SPAIN: Meeting on December 13, the Spanish cabinet approved legislation to split infrastructure manager ADIF into two companies, one responsible for the 1 435 mm gauge high speed network and the other for the 1 668 mm and 1 000 mm gauge routes used by conventional services.

As well as complying with European Union ESA 2010 accounting regulations that are due to be implemented from September 2014, the creation of a separate high speed business would, according to the Ministry of Development, improve efficiency as the passenger market is opened up to competition and place public funding of railway infrastructure on a sounder footing. Taking on debt relating to the construction of high speed lines, ADIF Alta Velocidad would be responsible for new projects, deriving its funding from access charges and other sources.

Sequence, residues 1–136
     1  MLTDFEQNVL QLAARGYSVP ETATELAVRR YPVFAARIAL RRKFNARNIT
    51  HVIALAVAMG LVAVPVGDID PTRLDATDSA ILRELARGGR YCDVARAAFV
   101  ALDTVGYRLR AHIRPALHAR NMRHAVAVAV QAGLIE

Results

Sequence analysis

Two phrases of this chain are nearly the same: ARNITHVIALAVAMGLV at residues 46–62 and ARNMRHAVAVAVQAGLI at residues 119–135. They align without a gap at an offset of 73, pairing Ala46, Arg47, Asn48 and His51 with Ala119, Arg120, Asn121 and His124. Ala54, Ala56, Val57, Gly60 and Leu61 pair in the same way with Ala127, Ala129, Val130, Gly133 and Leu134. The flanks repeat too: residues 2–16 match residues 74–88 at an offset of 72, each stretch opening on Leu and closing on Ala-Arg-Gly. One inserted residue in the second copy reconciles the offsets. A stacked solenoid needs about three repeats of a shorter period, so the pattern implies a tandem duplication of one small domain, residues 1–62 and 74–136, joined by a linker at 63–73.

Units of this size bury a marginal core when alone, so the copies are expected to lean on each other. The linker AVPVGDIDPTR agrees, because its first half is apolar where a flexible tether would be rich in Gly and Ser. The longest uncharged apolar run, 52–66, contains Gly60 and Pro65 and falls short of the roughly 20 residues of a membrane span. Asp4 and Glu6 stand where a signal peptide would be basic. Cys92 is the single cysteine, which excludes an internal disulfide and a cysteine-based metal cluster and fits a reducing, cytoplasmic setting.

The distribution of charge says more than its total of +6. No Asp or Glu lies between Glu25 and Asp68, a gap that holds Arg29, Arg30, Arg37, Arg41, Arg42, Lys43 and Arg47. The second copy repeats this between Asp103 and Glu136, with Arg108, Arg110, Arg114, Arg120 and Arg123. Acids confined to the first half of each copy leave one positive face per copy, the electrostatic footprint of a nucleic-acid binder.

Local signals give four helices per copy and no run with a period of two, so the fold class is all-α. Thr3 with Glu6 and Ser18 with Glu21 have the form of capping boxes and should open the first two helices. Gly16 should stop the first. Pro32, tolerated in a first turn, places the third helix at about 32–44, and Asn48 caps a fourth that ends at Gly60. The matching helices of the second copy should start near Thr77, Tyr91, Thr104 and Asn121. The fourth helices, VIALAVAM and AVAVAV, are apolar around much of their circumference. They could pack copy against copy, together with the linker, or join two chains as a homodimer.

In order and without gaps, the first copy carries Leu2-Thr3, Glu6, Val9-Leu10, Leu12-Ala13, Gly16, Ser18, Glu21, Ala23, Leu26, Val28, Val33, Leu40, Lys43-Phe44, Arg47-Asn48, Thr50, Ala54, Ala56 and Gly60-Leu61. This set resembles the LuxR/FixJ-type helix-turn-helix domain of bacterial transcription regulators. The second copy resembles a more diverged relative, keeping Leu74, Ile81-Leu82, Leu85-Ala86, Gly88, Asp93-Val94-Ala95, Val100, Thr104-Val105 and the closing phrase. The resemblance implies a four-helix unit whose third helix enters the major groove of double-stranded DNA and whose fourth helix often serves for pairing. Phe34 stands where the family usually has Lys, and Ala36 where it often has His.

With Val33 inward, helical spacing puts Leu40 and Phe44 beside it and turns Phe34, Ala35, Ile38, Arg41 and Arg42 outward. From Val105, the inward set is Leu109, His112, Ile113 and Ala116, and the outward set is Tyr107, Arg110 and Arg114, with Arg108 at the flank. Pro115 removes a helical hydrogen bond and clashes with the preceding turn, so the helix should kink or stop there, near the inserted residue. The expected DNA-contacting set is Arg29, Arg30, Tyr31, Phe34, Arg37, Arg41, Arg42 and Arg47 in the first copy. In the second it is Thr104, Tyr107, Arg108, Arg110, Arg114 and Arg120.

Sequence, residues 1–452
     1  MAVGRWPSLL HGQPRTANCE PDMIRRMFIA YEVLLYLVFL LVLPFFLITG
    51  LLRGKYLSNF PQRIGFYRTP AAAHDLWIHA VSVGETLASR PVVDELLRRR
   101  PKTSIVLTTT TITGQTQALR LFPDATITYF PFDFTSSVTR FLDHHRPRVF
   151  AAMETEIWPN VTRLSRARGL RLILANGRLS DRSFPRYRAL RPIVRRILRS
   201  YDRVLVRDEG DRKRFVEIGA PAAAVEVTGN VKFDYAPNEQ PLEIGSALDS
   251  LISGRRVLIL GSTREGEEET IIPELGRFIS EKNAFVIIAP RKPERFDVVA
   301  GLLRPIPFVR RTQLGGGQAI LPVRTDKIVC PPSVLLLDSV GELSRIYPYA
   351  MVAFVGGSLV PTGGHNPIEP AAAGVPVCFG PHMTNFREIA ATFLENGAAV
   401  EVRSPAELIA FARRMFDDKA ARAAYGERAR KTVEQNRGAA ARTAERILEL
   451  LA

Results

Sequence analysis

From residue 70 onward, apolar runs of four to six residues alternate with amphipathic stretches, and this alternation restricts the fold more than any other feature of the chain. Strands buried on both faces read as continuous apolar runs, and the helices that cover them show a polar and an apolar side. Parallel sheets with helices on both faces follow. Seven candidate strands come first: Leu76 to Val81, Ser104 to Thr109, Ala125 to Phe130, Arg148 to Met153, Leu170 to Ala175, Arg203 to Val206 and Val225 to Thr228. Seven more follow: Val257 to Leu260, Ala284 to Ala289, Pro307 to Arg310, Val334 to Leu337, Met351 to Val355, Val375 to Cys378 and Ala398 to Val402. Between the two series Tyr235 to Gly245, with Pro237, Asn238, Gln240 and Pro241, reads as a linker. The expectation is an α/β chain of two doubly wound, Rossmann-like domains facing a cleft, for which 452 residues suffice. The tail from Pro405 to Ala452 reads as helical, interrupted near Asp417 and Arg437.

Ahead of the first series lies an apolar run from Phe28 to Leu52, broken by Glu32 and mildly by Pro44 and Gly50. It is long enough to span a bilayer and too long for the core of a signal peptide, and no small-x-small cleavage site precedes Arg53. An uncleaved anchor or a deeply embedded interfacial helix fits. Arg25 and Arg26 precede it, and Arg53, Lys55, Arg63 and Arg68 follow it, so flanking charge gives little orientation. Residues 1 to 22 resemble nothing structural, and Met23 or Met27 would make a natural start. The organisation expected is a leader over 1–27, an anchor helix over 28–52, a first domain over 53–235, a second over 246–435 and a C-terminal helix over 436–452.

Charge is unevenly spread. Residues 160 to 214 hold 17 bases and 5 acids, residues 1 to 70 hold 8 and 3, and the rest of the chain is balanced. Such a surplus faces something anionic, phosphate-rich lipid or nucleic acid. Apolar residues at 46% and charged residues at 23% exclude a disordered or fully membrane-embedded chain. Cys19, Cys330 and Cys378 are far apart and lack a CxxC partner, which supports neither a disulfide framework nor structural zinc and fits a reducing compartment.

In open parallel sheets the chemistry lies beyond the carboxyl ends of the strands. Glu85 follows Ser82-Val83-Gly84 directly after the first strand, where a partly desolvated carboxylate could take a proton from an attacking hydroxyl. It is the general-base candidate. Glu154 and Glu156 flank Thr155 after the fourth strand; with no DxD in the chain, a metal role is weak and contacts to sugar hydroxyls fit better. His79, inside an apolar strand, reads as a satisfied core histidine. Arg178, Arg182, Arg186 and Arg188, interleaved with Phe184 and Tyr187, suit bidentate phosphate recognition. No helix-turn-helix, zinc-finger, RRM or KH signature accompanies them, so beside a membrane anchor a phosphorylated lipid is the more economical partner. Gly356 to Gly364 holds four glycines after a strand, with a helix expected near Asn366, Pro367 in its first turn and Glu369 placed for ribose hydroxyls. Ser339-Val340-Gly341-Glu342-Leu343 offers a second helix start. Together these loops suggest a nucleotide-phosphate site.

As well as access charges paid by train operators for use of the conventional network, ADIF would be funded by government grant classified as public spending under the new accounting rules, 'but without a significant impact' on the government deficit, according to the Ministry of Development.

A single corporate structure is to be maintained, with the ADIF President and Board Secretary holding the same posts at ADIF Alta Velocidad, thereby keeping the total number of directors the same. The legislation also makes provision for ADIF Alta Velocidad to contract out certain activities to ADIF, such as train control, maintenance, security and corporate functions.